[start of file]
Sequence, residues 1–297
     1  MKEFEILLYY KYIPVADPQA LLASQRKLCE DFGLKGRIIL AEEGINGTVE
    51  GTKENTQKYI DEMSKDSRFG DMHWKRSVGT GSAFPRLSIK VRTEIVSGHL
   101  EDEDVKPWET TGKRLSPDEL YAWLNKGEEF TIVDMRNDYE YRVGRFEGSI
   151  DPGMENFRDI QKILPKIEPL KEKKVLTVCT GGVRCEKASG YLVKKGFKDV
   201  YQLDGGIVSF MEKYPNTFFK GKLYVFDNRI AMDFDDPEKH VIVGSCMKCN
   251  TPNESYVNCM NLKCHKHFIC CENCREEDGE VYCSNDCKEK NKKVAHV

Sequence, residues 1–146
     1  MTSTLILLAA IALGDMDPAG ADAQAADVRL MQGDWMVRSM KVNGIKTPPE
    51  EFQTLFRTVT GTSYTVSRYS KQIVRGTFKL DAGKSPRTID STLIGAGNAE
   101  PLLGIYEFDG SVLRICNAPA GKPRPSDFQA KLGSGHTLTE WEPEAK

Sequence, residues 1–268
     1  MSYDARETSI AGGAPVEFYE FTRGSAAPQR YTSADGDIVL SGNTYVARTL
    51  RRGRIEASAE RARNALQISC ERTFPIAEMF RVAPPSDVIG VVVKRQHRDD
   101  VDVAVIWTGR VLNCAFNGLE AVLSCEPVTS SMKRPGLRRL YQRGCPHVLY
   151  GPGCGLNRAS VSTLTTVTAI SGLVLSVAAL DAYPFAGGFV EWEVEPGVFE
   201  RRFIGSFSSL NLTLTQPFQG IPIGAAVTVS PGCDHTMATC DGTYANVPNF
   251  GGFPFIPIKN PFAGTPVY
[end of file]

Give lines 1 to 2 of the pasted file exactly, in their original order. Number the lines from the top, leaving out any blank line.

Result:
Sequence, residues 1–297
     1  MKEFEILLYY KYIPVADPQA LLASQRKLCE DFGLKGRIIL AEEGINGTVE